Prague Beer Festival
Czech beer festival in Prague is traditional, with a great selection of local breweries, Czech food and live music. Not to miss it if you are in Prague during the period of the Czech beer festival.
The location will be full of seperate beer tents, all offering over 50 different types of beers from many large and micro breweries from all over the Czech Republic. There is a special currency for paying for beers called the Tolar. The Tolar can not be sold back for cash at the end, it can also be used to buy food, souveniers etc. These Tolars you can buy from one of the many girls in national costumes.
Each beer tent will have its own entertainment, they will have food on sale, mostly typical Czech cuisine, but also a selection of International cuisine. There are live bands blasting out all the local hits, creating one big party atmosphere.
The Czech Beer Festival has steadily grown over the past years, both in the numbers of visitors and beers. This year, the facility of the Prague-LetĹany airfield is designed to cater to up to 180,000 beer lovers in five different tents with more than 150 brands of liquid bread, Czech culinary specialties, live music and a staff of 200 young ladies in folk costumes. The three-week festival's popularity is based partly on a model that contrasts Oktoberfest, where only Munich beers are served: there will be a wide range of beers from all over the country, including increasingly popular microbrews. Other popular local breweries like Svijany that rely on word-of-mouth promotion, rather than advertising, praise ÄŚPF for the potential it offers to connect with new consumers.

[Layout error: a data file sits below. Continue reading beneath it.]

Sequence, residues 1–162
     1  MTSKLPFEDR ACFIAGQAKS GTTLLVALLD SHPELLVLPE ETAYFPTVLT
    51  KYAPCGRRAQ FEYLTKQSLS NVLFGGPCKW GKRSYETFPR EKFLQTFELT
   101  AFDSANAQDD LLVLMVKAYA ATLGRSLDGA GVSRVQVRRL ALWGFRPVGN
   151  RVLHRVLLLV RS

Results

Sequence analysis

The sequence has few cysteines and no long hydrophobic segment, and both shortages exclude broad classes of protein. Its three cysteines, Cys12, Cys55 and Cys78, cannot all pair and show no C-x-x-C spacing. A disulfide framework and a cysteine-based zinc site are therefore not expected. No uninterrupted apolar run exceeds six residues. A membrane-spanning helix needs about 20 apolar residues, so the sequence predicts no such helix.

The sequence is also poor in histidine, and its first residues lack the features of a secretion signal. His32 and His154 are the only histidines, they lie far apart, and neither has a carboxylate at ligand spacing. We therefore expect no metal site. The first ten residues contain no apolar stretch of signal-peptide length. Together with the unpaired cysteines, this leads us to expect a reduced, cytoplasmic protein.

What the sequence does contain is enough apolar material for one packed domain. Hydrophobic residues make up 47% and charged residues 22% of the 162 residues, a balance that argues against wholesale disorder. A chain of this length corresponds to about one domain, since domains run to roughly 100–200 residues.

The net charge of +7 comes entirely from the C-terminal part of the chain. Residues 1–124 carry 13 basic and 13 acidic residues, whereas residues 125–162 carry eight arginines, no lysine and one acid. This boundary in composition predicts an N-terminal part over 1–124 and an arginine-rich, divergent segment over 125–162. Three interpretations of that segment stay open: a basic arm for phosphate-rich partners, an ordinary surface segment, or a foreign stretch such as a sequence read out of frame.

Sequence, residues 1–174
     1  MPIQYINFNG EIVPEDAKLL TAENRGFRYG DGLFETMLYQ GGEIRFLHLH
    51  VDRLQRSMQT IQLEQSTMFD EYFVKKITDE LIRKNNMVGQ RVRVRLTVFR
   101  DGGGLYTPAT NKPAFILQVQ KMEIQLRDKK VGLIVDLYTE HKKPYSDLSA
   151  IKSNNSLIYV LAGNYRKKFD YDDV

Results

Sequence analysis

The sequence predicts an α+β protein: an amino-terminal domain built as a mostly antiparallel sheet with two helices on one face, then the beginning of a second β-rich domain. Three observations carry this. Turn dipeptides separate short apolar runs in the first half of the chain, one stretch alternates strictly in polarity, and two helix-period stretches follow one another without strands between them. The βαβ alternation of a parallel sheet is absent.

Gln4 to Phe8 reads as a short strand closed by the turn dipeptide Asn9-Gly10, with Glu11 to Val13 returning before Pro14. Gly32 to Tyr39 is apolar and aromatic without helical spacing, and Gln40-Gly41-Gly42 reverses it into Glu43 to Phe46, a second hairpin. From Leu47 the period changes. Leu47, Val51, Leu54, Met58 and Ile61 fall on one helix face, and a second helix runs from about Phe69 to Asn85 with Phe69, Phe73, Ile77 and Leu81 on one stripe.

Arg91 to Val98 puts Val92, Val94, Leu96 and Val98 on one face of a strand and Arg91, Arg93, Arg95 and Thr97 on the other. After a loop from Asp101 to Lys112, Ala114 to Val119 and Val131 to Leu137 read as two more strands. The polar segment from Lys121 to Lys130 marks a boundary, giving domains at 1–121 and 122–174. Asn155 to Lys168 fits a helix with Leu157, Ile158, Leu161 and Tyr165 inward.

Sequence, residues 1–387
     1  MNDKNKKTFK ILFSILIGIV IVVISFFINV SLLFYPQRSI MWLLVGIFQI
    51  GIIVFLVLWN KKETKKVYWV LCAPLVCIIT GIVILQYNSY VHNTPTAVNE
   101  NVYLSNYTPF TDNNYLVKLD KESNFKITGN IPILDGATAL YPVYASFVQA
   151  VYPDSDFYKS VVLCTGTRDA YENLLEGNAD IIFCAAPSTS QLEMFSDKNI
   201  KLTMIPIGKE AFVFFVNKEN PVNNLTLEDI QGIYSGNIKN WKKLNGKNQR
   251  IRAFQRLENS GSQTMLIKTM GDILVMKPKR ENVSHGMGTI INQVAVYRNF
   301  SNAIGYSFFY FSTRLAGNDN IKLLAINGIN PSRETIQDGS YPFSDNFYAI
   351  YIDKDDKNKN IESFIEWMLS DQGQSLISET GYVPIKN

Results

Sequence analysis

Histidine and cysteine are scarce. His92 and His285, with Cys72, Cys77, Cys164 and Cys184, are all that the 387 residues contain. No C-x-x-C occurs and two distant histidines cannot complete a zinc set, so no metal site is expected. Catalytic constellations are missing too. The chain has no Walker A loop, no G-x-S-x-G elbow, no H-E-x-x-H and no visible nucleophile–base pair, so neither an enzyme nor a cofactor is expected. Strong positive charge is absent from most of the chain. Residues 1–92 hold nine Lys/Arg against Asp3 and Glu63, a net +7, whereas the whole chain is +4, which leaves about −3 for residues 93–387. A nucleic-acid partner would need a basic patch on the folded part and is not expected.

The Czech nation is oversaturated with classic beers, and people want to taste beers from smaller breweries. The popularity of microbreweries is on the rise, but it is important for us to participate in festivals like this to reach even higher public awareness, With such a variety of beer on offer, the Czech Beer Festival will expand the palette of local beer drinkers, who adds that the festival is most significant because it reminds consumers that beer can taste differently than a cooled cheap lager from the fridge.
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